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Google (NASDAQ: GOOGL ) wants to cash in on premium advice, but I'm going to offer a tidbit for free.
Helpouts by Google is the search engine giant's latest foray into diversifying away from online advertising as its prime revenue source. The new platform provides premium video chats, but you should probably get your mind out of the gutter if you think that this is that kind of video service.
Specialists across several categories -- from home improvement to cooking to education -- offer personalized appointments using Google's Hangouts service. Providers charge by the minute or by the session, though a few are offering introductory consults for free. Google takes a piece of the action, of course.
There's a better way
It's a logical combination of YouTube, Google+, and even Google Wallet, but why didn't Google just buy LivePerson (NASDAQ: LPSN ) ? Yes, that's my free advice to the dot-com behemoth.
LivePerson relies primarily on a platform that delivers real-time chat solutions to major websites. It has more than 8,500 largely well-known clients that rely on LivePerson to pop up on a browser when a visitor needs assistance or a shopping cart is about to be abandoned. However, we also can't forget about its namesake platform for consumers, which delivers one-to-one advice by the minute.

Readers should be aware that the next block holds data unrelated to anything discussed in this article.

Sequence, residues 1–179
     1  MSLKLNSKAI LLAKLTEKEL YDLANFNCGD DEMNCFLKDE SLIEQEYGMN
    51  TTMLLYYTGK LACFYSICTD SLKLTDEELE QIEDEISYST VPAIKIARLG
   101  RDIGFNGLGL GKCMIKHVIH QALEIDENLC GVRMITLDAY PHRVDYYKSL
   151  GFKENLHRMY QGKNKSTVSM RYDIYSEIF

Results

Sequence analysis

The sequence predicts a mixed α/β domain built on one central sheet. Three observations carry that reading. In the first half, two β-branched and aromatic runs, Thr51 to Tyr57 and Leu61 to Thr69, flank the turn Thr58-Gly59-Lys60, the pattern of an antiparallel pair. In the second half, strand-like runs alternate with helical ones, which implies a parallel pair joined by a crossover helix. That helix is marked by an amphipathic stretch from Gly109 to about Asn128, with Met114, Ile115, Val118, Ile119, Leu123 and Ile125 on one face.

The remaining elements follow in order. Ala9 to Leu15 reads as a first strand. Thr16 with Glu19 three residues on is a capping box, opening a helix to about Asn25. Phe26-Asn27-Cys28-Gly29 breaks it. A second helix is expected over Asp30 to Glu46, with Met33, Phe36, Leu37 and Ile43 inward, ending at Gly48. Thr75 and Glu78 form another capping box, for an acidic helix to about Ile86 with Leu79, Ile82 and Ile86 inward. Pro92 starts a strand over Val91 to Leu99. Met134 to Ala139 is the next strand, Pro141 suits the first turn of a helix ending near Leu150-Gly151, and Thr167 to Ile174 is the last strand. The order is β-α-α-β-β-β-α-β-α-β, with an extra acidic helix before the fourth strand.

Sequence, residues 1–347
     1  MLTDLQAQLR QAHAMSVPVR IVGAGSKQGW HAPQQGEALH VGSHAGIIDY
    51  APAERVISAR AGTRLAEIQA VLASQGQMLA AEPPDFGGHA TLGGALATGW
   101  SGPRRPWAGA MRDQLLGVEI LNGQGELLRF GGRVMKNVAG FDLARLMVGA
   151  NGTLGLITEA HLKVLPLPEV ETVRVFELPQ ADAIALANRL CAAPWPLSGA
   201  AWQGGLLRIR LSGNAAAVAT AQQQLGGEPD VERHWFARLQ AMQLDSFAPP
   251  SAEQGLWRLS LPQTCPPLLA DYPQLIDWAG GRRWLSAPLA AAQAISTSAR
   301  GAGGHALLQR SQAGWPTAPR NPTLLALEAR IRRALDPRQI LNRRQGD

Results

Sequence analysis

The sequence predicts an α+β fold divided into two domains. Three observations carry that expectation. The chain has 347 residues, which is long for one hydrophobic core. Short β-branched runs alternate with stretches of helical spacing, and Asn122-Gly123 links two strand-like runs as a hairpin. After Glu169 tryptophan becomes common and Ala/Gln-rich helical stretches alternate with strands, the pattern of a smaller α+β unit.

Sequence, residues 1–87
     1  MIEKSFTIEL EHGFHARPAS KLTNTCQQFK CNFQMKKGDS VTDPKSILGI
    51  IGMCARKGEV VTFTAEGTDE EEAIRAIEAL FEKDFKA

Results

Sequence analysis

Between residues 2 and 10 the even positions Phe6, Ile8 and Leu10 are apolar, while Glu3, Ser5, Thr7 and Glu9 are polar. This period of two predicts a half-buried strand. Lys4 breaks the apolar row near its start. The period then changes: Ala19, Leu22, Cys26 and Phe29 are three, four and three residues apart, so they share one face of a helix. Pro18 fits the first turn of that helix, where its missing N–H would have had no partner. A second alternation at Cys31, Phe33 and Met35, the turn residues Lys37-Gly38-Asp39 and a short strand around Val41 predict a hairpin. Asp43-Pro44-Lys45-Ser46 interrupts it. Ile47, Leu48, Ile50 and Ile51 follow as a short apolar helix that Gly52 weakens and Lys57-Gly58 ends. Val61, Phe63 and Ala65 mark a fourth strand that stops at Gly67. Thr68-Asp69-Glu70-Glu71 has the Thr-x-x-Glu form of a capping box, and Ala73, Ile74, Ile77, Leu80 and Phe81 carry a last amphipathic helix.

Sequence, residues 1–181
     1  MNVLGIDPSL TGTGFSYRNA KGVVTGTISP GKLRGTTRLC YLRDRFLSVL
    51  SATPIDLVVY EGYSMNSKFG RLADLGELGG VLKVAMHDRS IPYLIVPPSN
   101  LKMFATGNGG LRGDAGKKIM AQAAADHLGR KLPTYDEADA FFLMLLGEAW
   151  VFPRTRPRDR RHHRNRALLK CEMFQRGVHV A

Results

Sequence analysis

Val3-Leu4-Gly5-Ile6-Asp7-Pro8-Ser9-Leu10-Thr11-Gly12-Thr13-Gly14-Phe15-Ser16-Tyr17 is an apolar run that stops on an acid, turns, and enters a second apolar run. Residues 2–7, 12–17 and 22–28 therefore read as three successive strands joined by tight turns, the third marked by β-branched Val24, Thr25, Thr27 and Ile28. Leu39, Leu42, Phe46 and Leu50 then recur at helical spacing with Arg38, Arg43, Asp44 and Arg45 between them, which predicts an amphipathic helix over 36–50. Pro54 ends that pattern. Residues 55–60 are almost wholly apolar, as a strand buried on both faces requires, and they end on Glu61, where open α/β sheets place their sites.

That sounds a lot like Helpouts by Google without the video interaction. It's also a small part of LivePerson's business, accounting for just 10% of revenue in its latest quarter. However, LivePerson has already gone through the learning curve that Helpouts by Google is about to enter. Just as Google is seeking out specialists and then serving them up blindly to the first wave of users to weed out the good from the bad, LivePerson has already been through the vetting process. LivePerson has 30,000 registered experts available across 600 different categories.
Big G could have bought its way up the learning curve
It won't be a surprise to find a lot of people displeased with the first wave of Helpouts. It takes time to cut out the bad stuff. LivePerson could have spared Google the inevitably rough start by arming it with tens of thousands of seasoned experts who have mastered the art of delivering timely advice worth paying for.
Google could've bought all of LivePerson and taken it to a new level. With LivePerson's market cap of $500 million and a stock that has been meandering lately, it wouldn't have taken too much of a premium to buy a business that Google could have easily expanded given its thicker Rolodex of web-backed marketers. However, it could have also simply snapped up LivePerson's consumer business for a likely pittance, making sure that it had a following and proven experts from the start.
Helpouts by Google still has a chance to succeed, even in a world where free nonpersonalized advice can often be found within the company's own YouTube videos. However, it would have had a higher chance of taking off with LivePerson in its arsenal.
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